8. It’s not so much that it’s slow (it’s not about the destination, after all the film in the later cuts doesn’t end it terminates, it isn’t about what’s on-screen necessarily but what is suggested, I think. It’s a film in which everyone is dead even the living with only the psychotic murderous Batty showing any real wonder, and maybe poor Sebastian too) but ponderous *in certain places*. Then again, some of the movie’s greatest moments are when “nothing” is happening! Those opening shots, the looming Tyrell Corporation building, the camera’s calm consideration of Sean Young’s lovely face, the scene in which Deckard uses the scanning equipment. Yes, I love all that. “Nothing” is happening but everything is. Hm. Beats a lot of busy-busy pictures. And, as I say, I don’t even like it that much!
    Mention of the New Hollywood leads me to think of the links between the screen Deckard and those seventies reinterpretations of the detective genre (though when people overuse the term “noir” that’s when I reach for my – metaphorical – revolver. Hah). Altman’s The Long Goodbye, Chinatown, The Conversation et al. Maybe Ford thought he’d be more Magnum P. I. in the future (and hey I liked Magnum) when he was closer to the ’70s versions. His triumph is he gets to live, how much of a prize this is in the Blade Runner future is questionable. Of course, if one wishes to believe Scott he’s a replicant anyway (but who’s to say what is life?!)… Thinking of this reminds me of how much I love The Long Goodbye with Elliott Gould’s drowsy Marlowe; so discomfitting, so great, and what an ending! Special mention for tv’s lighter Rockford Files, Jim Garner wins through but almost by accident.

  9. My memory of Rockford is that he always cracks the case but never gets paid. A nice way to use Garner’s cool — cast him as eternal loser. As a kid I thought it was cool he lived in a trailer. Actually, it is.

    Just watched Peeper, a 70s private dick movie I’d never seen: review forthcoming.

  10. I look forward to that. I have a predeliction for shamuses. As regards Rockford apart from rarely getting paid he was hit on the head almost as many times as Jeff Randall (Mike “Little White Bull” Pratt) in Randall and Hopkirk (Deceased). More interesting is that Jim Rockford is as much of a revisionist take on the private eye as Altman’s Marlowe, the difference is that the acridity is absent. Rockford is as buffetted by events as Gould but makes it through. Altman couldn’t conceive of a Marlowe, the shop-soiled Sir Galahad, functioning in ’70s LA so he’s an impotent figure unable to actually do anything useful not even really for his cat (and not for the woman who has a bottle smashed in her face by Mark Rydell, in a terrifying scene). Of course, The Rockford Files being made for ’70s television couldn’t have gone that way anyway but it does something just as interesting with the detective concept. Rockford may run into (a lot of) trouble and be the little guy but he isn’t impotent, so far so conventional, what makes the character work – apart from Garner’s relaxed charisma – is that though he pretends toward the cynicism of the Spades, the Marlowes, the (godforbid) Hammers, he has a heart. It’s all played with lightness and charm but what makes him and the series appeal is that he’s a *good guy*, a good guy who’s been to prison, has a winningly world-weary turn of phrase, and is able to navigate the smoke-and-fog of seventies California, but a good guy nonetheless. Yeah, it’s a fun series and a light relative to the darkness of the great cinematic mysteries of the period (and clearly coming from a similar place to the semi-comedic revisionist works of the period), it may not be Chinatown (!) but Rockford’s cop friend Becker is reluctant to help because the system is more for smooth running than the awkwardness of justice especially if it threatens those in power, though of course he usually does (because this isn’t “noir” and he’s only semi-schmucky)!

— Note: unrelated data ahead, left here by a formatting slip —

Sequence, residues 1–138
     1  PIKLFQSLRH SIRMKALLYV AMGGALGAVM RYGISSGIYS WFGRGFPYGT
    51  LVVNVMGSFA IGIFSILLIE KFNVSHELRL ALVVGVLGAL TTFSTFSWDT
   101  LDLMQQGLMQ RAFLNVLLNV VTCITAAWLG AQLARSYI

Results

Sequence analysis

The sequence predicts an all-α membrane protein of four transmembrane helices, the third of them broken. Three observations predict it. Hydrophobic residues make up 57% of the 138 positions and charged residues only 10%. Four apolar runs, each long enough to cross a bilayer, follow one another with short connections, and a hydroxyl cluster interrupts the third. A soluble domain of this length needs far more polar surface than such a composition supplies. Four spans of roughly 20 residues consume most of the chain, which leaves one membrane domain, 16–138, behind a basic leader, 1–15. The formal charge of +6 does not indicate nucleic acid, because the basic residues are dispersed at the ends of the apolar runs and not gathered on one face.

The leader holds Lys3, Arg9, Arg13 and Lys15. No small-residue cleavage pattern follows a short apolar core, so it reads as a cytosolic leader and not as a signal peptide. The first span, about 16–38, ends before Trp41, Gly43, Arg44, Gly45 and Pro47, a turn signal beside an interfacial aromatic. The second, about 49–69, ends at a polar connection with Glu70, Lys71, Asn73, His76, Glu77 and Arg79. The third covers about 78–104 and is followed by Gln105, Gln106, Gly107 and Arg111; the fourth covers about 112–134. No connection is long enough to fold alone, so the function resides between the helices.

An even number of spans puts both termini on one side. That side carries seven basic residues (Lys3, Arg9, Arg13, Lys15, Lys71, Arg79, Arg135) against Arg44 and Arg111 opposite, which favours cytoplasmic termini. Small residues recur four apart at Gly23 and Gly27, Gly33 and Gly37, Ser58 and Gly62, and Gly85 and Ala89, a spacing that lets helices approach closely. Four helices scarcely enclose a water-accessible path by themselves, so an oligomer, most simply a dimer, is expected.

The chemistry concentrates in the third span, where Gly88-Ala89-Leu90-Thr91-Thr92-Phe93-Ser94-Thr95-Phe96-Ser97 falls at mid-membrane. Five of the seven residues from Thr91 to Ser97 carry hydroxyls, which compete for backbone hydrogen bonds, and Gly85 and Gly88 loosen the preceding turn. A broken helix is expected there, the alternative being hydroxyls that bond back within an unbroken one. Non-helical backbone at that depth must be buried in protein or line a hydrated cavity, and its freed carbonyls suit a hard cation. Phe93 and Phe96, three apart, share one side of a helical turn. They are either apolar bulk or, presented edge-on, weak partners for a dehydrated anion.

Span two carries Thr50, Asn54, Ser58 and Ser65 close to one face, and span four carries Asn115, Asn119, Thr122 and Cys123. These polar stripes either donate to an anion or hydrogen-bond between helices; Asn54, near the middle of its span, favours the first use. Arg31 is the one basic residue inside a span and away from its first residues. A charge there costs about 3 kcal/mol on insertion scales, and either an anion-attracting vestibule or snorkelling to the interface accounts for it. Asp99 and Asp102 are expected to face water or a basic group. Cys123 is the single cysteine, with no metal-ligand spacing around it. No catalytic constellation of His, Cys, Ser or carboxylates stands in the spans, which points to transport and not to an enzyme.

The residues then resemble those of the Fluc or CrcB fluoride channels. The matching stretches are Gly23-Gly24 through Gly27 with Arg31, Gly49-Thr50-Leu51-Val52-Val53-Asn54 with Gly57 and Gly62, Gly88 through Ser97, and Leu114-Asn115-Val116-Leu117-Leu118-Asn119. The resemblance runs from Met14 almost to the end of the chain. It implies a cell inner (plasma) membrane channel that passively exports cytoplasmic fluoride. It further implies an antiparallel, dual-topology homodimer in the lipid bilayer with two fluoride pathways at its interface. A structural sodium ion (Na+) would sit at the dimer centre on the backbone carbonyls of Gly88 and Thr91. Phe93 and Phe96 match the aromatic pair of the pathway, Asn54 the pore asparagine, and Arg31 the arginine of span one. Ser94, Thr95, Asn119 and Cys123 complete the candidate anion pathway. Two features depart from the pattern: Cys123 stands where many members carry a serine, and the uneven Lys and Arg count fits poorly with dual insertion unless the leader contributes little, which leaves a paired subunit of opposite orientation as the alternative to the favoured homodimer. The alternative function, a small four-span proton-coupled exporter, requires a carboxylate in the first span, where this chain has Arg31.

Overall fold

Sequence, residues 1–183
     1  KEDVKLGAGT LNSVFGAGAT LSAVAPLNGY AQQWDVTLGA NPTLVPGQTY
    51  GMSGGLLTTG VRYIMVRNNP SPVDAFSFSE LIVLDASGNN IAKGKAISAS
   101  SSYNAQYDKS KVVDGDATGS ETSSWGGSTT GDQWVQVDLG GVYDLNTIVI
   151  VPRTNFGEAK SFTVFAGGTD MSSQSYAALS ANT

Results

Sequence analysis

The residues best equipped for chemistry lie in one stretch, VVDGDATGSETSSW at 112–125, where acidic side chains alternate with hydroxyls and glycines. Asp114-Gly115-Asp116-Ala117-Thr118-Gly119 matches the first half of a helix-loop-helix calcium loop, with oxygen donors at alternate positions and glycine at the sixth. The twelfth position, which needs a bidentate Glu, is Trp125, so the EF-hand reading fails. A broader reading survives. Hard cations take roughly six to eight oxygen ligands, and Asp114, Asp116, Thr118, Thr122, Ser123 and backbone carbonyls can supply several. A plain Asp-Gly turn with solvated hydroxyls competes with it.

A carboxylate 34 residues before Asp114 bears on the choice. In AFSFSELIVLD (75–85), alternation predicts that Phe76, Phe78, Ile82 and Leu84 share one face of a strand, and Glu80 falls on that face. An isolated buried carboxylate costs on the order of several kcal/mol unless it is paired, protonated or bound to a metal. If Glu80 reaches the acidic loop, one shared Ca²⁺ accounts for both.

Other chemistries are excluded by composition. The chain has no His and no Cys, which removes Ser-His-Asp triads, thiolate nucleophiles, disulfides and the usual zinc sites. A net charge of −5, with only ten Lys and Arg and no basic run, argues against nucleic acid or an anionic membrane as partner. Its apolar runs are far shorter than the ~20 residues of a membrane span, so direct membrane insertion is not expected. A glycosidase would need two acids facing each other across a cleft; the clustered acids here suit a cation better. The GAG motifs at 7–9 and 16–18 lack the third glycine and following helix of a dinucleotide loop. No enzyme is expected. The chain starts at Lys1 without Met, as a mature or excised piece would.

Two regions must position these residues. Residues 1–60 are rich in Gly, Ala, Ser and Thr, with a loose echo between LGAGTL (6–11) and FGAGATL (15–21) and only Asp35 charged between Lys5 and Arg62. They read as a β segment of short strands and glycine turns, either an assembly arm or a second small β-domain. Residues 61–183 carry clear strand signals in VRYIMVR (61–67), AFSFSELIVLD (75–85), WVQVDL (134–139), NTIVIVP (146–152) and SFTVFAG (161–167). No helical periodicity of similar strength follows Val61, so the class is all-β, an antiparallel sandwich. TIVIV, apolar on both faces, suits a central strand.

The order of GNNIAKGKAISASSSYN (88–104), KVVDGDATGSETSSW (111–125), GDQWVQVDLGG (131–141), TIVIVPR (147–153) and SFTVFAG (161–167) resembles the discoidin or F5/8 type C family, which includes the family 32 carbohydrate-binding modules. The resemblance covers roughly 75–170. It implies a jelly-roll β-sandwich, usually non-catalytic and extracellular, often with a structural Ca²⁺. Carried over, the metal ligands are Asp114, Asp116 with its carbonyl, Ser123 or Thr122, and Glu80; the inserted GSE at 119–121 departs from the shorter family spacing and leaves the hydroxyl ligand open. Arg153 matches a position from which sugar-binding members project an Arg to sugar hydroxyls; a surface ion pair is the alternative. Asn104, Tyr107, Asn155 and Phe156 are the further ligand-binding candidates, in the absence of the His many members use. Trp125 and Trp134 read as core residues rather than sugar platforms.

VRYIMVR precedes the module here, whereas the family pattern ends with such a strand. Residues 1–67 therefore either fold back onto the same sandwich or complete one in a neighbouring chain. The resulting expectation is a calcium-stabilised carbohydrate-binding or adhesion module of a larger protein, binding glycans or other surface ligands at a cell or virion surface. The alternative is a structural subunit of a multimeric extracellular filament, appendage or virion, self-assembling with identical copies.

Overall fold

11. “Down these streets a man must go who is not mean…” Note also that Garner successfully played Marlowe on TV just before The Rockford Files, which I think was a smooth attempt to transfer the character as he saw it into a more economical modern environment.

  12. The Rockford Files is really Marlowe (the film) done right. Rockford is decidedly *not* the Chandler-Marlowe because, despite the famous quotation, Chandler-Marlowe *is* a *little mean* at least from a modern standpoint (tho’ books like City of Quartz tend to make Chandler and Marlowe seem like monsters, which is pretty silly) while Rockford has a completely different attitude ) plus he’s got his Dad, Rocky, and a host of – some pretty dubious – friends. But, as you suggest, Jim Garner imports the charm from his Marlowe interpretation but without the sixties garishness of Marlowe’s milieu (no Bruce Lee either!). Um, I’ll stop drivelling now.